The trouble with these patterns is, because they're based on internals, they may go to completion but reverse when the driver disappears or is counteracted. That was the case with an ascending triangle whose end foretold the Index's final drive from 87.5 to 88.5. Subsequently, the Index fell three whole points as the Euro began to recover. That ascending triangle did not foresee that later reversal.

So, even if it works, there's no guarantee that gold will motor up all that much. It would make a new record high; that's implied by breaking above the ceiling, which is formed by at least two record highs already made. How far it goes after that, depends upon bullish sentiment and any drivers that accompany it. If gold does vault well above $1,250 without any driver, like the Index did, the subsequent advance may not last all that long.

As of now, breaking solidly into $1,250 is only a potentiality. It may not come to pass in the near future. In that case, gold will look more range-bound.

A post-pit Reuters report credits gold with a new record closing high, due to worries about Spain and recent disappointing U.S. economic data. Amongst the points made therein, these were included:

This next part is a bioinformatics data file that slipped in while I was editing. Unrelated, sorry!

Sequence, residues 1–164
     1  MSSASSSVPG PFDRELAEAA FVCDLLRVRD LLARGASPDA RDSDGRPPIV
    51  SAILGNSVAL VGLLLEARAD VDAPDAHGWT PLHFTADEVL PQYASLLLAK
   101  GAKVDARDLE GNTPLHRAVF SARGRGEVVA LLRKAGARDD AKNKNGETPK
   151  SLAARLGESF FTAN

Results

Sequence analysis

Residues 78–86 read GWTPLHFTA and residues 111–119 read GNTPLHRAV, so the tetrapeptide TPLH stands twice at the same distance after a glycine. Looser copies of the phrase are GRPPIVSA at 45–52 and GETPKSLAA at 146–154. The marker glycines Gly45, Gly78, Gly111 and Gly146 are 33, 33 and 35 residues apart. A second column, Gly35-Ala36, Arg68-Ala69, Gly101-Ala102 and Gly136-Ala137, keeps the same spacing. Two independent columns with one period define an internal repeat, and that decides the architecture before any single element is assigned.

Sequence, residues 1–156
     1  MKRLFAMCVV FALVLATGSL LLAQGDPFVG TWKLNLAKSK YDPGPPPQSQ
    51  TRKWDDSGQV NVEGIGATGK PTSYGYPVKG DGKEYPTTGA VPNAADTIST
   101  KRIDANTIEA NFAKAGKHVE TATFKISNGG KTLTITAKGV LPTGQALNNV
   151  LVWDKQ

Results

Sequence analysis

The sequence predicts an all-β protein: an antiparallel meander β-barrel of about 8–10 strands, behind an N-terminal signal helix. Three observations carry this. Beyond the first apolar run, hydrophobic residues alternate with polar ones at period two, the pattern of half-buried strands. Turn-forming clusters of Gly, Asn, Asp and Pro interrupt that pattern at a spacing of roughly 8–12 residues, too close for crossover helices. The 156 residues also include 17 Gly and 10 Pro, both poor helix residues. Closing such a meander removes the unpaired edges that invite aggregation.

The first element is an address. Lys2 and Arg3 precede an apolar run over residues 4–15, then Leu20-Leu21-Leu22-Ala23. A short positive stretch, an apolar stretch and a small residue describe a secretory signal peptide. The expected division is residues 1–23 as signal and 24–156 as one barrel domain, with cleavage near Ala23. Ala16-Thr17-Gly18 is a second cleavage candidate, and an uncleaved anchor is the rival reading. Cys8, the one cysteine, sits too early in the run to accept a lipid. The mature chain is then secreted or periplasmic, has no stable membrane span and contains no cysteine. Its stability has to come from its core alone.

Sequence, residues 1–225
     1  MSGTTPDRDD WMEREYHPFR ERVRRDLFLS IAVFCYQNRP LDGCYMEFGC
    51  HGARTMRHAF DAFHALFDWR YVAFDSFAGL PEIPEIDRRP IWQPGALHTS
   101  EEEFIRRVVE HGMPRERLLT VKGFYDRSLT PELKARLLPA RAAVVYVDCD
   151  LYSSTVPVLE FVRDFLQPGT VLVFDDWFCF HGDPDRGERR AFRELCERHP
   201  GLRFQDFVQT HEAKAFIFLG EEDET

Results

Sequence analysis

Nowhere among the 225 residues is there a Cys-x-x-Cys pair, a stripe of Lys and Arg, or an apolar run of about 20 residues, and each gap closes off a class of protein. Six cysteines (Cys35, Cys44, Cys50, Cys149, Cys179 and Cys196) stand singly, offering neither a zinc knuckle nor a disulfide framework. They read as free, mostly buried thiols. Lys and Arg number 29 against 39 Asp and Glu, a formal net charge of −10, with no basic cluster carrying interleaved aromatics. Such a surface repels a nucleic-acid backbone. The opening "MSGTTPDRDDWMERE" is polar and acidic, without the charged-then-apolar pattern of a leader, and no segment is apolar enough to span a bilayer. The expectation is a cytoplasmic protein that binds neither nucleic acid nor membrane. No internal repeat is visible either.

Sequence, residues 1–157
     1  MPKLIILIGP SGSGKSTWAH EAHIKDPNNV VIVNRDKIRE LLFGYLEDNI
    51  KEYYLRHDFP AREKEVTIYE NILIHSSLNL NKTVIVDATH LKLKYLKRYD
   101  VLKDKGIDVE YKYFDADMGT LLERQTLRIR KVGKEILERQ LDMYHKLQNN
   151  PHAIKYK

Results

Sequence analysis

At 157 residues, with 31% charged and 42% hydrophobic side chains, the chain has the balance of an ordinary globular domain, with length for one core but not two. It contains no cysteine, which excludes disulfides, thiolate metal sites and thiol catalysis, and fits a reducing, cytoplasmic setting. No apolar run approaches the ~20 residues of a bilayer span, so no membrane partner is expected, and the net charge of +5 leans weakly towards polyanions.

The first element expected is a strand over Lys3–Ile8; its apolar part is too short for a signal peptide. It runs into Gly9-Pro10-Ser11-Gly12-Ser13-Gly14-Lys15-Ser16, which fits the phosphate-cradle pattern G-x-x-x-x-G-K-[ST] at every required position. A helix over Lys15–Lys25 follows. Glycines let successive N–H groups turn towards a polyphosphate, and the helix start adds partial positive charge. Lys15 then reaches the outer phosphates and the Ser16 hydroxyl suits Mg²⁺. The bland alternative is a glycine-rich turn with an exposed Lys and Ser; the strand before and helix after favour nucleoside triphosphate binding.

* Gold held its early advance as investors kept seeking safety in the yellow metal as a tangible asset -traders.

* COMEX floor brokers reported talk some players were taking delivery of the physical metal.

* Though a Spanish bond auction went reasonably well, some investors still wanted gold to hedge against other possible sovereign debt problems in Europe - analysts.

* "There's no consistency right now in terms of good news coming out of the euro zone. And, because of that, it's making investors feel a bit uncertain about going into riskier assets. Gold is obviously a safe-haven asset to offset that," said Fred
Jheon, managing director of U.S. product development at ETF Securities in San Francisco.
Also mentioned was the Philadelphia Fed's mid-Atlantic factory activity survey's Diffusion Index tumbling from robustly positive to weakly positive, and the new closing high taking place with quite robust volume.

It seems only a matter of time before "Sell in May and go away" becomes joked about, perhaps with the embarrassment shown by former believers in it. Spot gold did make another record today, and the nearest futures contract made a new closing record. More unambiguous records may be made soon; tomorrow still has a shot at doing so.